Statistics show 54% of those aged 75 and older are inactive. This is compared to 36.8% of adults aged between 55-74, and 18.7% of 16-34 year olds in Greater Manchester (GM).

Inactivity levels in Greater Manchester have been declining since 2015-2016 across all age groups. Yet figures remain higher than national statistics. Our region’s inactivity levels are higher in every age category than the national figures, and higher by almost 10% amongst 55-74 year olds.


Those that are inactive aged 55 years and over (270,100) account for 45% of all that are inactive aged 16 years and over (596,800) in GM. Although the percentage of inactive 55+ years in GM has declined since 2015-16 (from 39% to 36.3%); this is more within the 55-74 years age group (by -3%) than the 75+ years (by -1.1%).

What’s happening across Greater Manchester?

To make an impact, we need a clear picture of the differences across Greater Manchester. For older adults aged 75+, inactivity levels are as high as 68.2% in Tameside (falling to 44.8% in Rochdale). Bolton, Bury, Stockport, Tameside and Trafford have seen an increase in inactivity since 2015-2016. However, older adult inactivity levels in Manchester, Rochdale and Wigan have decreased (by as much as -18.2% in Wigan).

There are also huge disparities in activity levels across the 55-74 year olds in our boroughs. Inactivity levels for this age group are 38.8% in Manchester, but only 22% in Trafford. Again, there have been inactivity increases since 2015-2016 (in Manchester, Oldham and Stockport). Yet levels in Salford, Tameside, Trafford and Wigan have all decreased (by as much as -11.8% in Tameside).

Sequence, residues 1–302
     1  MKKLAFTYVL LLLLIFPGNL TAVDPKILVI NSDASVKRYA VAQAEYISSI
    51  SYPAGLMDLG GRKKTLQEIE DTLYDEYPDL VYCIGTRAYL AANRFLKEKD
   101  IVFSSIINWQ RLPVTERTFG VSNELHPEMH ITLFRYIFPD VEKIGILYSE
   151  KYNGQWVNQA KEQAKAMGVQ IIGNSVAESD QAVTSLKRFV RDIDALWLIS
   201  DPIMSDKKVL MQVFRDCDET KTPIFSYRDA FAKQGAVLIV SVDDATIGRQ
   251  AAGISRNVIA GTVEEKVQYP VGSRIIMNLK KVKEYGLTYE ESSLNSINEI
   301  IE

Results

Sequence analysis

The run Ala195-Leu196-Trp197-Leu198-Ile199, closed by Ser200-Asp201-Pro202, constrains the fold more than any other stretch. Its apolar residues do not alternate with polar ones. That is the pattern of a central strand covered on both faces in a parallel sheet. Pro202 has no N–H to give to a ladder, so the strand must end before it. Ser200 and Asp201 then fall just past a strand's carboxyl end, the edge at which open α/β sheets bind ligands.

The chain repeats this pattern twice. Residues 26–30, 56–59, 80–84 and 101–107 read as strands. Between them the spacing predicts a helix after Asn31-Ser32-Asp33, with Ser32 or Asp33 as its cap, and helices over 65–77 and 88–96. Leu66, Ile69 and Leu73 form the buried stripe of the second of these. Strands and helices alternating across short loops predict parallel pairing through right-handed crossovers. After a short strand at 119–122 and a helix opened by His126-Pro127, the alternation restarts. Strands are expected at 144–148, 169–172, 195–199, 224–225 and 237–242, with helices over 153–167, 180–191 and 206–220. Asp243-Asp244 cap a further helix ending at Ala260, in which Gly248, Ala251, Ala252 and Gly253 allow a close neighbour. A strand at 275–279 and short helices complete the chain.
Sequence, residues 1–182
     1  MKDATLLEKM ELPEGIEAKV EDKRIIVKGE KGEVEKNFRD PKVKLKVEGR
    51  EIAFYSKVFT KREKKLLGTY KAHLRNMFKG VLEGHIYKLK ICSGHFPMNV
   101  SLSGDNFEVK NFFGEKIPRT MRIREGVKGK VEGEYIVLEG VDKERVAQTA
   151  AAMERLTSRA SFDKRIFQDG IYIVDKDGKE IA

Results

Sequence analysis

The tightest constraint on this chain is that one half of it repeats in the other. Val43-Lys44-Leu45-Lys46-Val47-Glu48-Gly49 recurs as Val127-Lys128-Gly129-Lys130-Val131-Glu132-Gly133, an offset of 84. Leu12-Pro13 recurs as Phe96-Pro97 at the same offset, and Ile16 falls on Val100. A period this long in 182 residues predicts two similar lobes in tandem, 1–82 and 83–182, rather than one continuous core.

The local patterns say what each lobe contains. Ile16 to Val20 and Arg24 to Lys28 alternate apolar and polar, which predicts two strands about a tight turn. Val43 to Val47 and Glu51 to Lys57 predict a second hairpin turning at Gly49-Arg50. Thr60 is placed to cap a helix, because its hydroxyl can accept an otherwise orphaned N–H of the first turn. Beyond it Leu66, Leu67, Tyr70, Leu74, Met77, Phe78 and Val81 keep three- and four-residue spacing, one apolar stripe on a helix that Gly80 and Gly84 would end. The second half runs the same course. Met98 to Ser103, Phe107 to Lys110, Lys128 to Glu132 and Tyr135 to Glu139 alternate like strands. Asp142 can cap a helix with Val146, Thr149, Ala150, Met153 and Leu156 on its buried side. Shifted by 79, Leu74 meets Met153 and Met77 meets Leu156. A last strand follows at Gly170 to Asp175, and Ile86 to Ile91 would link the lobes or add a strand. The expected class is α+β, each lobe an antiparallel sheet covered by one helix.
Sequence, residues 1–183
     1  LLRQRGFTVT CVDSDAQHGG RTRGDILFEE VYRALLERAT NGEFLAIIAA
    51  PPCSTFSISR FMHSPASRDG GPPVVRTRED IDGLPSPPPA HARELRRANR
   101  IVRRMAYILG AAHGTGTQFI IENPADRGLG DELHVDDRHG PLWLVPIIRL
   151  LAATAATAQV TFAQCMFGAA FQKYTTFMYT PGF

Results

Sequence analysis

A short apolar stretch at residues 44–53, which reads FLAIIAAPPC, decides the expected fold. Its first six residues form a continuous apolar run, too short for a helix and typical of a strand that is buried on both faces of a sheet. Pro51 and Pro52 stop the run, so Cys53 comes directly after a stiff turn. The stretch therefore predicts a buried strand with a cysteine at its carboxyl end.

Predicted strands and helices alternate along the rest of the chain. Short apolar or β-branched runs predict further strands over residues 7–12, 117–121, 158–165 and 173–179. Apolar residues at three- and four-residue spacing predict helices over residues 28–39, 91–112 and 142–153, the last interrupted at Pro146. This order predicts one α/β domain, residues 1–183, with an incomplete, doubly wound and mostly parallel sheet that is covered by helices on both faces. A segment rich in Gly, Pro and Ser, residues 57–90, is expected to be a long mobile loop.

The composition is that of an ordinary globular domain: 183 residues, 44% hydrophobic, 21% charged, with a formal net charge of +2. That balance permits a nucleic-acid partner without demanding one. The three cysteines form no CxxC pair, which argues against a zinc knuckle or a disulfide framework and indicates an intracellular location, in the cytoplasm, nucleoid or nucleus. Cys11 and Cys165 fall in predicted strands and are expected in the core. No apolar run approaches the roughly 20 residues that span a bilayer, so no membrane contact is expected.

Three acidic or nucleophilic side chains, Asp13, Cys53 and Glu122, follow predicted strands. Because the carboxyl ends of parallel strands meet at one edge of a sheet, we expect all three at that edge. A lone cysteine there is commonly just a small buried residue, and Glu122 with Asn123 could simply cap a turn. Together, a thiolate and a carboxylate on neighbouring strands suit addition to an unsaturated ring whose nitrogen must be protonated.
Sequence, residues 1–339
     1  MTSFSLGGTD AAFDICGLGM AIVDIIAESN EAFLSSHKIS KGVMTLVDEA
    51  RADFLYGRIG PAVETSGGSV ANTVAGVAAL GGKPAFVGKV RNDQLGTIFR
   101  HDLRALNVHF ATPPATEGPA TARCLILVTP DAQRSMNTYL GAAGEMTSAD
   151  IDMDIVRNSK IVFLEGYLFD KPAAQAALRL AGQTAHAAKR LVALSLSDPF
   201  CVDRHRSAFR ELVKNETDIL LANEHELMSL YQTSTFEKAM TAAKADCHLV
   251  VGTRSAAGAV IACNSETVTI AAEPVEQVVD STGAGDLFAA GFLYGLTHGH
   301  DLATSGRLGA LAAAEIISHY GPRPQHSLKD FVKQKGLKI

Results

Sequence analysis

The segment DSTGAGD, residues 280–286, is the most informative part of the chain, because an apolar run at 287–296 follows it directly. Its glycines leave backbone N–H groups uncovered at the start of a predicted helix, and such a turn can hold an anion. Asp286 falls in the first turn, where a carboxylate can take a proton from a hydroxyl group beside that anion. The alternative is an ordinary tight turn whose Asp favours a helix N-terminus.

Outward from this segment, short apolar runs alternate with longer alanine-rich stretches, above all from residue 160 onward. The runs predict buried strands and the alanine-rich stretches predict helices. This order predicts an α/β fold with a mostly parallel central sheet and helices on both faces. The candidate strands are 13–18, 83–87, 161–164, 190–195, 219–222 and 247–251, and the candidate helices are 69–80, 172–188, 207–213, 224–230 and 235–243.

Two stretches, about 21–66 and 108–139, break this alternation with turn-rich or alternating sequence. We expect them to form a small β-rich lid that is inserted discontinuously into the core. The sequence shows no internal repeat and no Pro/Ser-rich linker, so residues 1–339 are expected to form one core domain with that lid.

What’s happening across demographics within older people?

Within this older age group as whole, inactivity levels already vary. In older adults, inactivity amongst women remains higher than for men (32.5% compared to 27.4% for 55-74 years and 61% compared to 48.3% for 75+ years respectively).

Inactivity in older adults with a long-term disability or health condition increases by at least 20% above those without.

Nationally inactivity is higher for older adults from South Asian and Black ethnicities than White British ethnicities, (55-74 years: 38.7% and 35.7% compared to 26.8%) (75+ years: 57.4% and 54.6% compared to 51.1%). However, there are not enough responses in GM to report this.

What activities are most popular with older people?

Walking for leisure is by far the most popular activity for older people (54.2% for 55-74 years and 42.7% for 75+ years). With walking for travel (30.5% and 21.1%) and sporting activities (27.8% and 17.7%) following this. Within this the most popular sporting activities are fitness classes (14.7% and 10.1%), swimming (10.4% and 5.6%) and gym sessions (8.7% and 4%).


Why is older adult inactivity so important?

The overall population of Greater Manchester is set to grow 13% by 2039, reaching 3.1 million. This growth will largely be driven by the increasing number of older people.

By 2039, Greater Manchester’s working age population should grow by 5%. The number of our region’s residents aged 65+ will expand by 53% over the same period to reach 650,000. This will double the number of over 85s in Greater Manchester to over 100,000, and the overall number of residents over 50 will grow by a third by 2039.

A hugely significant growth in the number of older adults is expected in Greater Manchester. So it’s increasingly vital we support them to get moving.

How can you help older adults?

At GreaterSport, we know we have a duty to care for and support our region’s older adults. And, with the elder population set to grow, it is essential we decrease inactivity across the group as a whole.

Current statistics are worrying. But, we know we can change them and get more adults across Greater Manchester moving. Tell us how you can help us and, together, we’ll make a real difference.